2

I am having trouble centering the entries within two align environments w.r.t =. I tried the solutions suggested in this post. The problem still persists. The following code is borrowed from the same post with some modifications:

\documentclass[12pt,english]{article}
\usepackage{mathtools}

\begin{document}

\begin{align}
    n&=n(ak_1+bl_1)
\end{align}
words
\begin{align}
    n&=ak_n+bl_n\\
    &=ak_n+abx+bl_n-abx
\end{align}
more words

\end{document}

The output:

enter image description here

As apparent from the output, equations (2) and (3) are not center aligned unlike (1). How to fix this?

Edit

The solutions as per this post involve combining two align environments into one. But, sometimes this cannot be done under certain instances for e.g. if a section comes in between two align environments or if lot of text is placed between two align environments.

2
  • 3
    The two sets of equations are centered. Please, specify more clearly what your problem is. Note however, that there is no need whatsoever to “align the equals signs” across the document. It would serve no purpose except in helping to make very unbalanced displays.
    – egreg
    Commented Nov 5, 2021 at 7:53
  • 3
    note that centering an equation means the same space to the left and right not that the = is in the centre. So the output you show is the expected output and would match the output in most publications that use centred equations. Commented Nov 5, 2021 at 7:57

2 Answers 2

4

I must confess to not "getting" the typographic use case for wishing to align the = symbols across two align environments that are separated by a major structural element of the document, such as a section-level header (or any level of sectioning header, really).

However, if you really, truly must perform this alignment of the = symbols, I can think of at least two ways of doing so; both are illustrated below.

  • The first involves measuring the longest right-hand side element in the lower align environment and using this length information to create a \parbox for the material on one of the right-hand side elements in the upper align environment.

  • The second involves using a single align environment and placing the \section directive inside an \intertext wrapper. Yes, this actually works, although it seems mighty strange.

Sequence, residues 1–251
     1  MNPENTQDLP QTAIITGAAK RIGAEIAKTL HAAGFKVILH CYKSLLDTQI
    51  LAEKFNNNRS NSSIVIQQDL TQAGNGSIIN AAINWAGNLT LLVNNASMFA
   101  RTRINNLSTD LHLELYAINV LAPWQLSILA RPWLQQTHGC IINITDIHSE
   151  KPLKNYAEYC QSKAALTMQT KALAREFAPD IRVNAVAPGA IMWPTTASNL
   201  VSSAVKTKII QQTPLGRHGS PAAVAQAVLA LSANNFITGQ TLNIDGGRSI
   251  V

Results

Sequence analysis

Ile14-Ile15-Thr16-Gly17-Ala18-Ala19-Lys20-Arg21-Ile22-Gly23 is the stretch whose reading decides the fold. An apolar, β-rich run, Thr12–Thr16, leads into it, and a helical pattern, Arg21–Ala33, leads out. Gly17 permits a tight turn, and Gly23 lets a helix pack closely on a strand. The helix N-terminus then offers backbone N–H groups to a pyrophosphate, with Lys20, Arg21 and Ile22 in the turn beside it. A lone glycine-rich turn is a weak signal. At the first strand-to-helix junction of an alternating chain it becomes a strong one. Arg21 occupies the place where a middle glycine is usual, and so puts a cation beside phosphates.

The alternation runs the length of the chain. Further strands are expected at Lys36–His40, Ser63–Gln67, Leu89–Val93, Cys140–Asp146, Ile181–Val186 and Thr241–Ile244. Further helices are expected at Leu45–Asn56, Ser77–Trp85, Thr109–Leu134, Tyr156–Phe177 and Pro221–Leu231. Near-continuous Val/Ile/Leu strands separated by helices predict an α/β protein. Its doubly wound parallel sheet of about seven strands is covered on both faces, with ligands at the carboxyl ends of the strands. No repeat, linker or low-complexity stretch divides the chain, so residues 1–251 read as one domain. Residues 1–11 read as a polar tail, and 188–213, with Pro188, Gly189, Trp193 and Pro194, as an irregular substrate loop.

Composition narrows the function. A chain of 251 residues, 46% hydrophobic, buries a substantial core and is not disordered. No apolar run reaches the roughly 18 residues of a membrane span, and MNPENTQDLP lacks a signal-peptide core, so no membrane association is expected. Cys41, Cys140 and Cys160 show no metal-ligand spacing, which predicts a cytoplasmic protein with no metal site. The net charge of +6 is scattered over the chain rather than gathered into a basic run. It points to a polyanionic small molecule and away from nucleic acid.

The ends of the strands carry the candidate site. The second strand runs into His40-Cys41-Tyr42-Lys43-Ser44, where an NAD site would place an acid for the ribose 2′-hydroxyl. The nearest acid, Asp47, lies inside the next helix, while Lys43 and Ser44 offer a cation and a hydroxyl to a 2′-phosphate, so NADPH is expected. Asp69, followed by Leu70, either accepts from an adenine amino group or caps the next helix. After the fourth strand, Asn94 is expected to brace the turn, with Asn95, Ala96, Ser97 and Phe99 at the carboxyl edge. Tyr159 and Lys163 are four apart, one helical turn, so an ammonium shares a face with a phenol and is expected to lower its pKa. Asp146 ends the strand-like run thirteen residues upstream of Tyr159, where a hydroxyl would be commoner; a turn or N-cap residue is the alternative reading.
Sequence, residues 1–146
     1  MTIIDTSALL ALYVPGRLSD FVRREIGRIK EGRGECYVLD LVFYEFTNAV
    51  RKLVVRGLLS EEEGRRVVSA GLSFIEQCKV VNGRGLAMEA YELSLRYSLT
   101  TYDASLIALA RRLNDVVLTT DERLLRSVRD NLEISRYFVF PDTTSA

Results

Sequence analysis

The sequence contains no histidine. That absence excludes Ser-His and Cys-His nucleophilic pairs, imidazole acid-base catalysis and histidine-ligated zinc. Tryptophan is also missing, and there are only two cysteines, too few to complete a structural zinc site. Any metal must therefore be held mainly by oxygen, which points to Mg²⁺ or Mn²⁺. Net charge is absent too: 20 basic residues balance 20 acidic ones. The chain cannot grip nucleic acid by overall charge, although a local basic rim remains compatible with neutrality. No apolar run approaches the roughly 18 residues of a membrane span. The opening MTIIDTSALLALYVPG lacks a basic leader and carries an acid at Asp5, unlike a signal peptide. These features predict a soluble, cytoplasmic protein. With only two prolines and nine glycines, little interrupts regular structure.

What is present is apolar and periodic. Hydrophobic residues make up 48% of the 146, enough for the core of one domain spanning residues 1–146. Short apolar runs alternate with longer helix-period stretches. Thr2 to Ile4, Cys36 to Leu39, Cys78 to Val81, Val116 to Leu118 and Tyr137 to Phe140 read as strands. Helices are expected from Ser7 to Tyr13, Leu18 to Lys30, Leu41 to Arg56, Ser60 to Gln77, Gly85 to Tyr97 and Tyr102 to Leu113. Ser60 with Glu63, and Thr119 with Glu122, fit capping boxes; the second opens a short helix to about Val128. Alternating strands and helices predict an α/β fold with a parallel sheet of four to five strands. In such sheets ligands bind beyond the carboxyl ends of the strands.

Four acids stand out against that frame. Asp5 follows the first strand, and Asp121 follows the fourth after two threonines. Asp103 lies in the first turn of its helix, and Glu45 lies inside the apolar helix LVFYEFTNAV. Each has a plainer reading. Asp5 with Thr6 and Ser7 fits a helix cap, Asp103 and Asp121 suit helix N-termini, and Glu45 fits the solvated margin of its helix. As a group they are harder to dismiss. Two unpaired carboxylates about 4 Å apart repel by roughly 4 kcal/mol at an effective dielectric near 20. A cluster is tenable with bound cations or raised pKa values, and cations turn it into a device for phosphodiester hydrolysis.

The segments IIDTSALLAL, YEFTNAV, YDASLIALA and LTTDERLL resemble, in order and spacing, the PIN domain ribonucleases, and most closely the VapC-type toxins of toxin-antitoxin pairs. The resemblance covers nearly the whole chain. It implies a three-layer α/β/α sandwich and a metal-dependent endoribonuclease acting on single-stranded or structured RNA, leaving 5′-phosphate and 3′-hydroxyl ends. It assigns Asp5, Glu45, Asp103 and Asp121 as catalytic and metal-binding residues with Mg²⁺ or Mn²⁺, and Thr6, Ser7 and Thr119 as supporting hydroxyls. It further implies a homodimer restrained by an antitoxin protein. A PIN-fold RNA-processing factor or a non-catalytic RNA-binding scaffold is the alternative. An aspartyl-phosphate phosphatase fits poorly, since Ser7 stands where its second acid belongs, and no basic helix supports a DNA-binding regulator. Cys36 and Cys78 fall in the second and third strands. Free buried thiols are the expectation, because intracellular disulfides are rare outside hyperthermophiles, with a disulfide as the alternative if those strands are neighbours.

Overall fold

The second method may seem easier to implement. However, the first provides more typographic flexibility, such as allowing a page break to occur right above the section header. ("A page break before a sectioning header? What a concept!", Yacov Smirnoff might exclaim.) Another advantage of the first method is the more natural looking amount of whitespace above the section header.

enter image description here

\documentclass[12pt]{article}
\usepackage{mathtools}
\newlength\mylen
\settowidth\mylen{$\displaystyle ak_n+abx+bl_n-abx$}

\begin{document}

%% Solution 1

\noindent
words
\begin{align}
    n&=\parbox{\mylen}{$\displaystyle n(ak_1+bl_1)$}
\end{align}
\section{First random section title}
\begin{align}
    n&=ak_n+bl_n\\
     &=ak_n+abx+bl_n-abx
\end{align}
more words


\bigskip
\hrule
\bigskip

%% Solution 2

\noindent
words
\begin{align}
    n&=n(ak_1+bl_1)
\intertext{\section{Second random section title}}
    n&=ak_n+bl_n\\
     &=ak_n+abx+bl_n-abx
\end{align}
more words
\end{document}
2

Using the general \noalign to insert vertical material in-between lines of alignment seems to work in this particular case, although I don't think it is officially supported.

edit: This is a bad idea because it doesn't take care of the penalties lineskips, the \intertext macro can do a similar thing as campa mentioned

\documentclass{article}
\usepackage{mathtools}
\begin{document}

words
\begin{align}
    n&=\displaystyle n(ak_1+bl_1) \\
\noalign{%
    \vskip\belowdisplayskip \section{First random section title}
    \vskip\abovedisplayskip
}
    n&=ak_n+bl_n \\
     &=ak_n+abx+bl_n-abx
\end{align}
more words

\end{document}

output

1
  • 2
    It's not directly supported but that's more or less what \intertext does: it's a \noalign plus some penalties (and wraps everything further in a \vbox).
    – campa
    Commented Nov 5, 2021 at 9:40

You must log in to answer this question.

Not the answer you're looking for? Browse other questions tagged .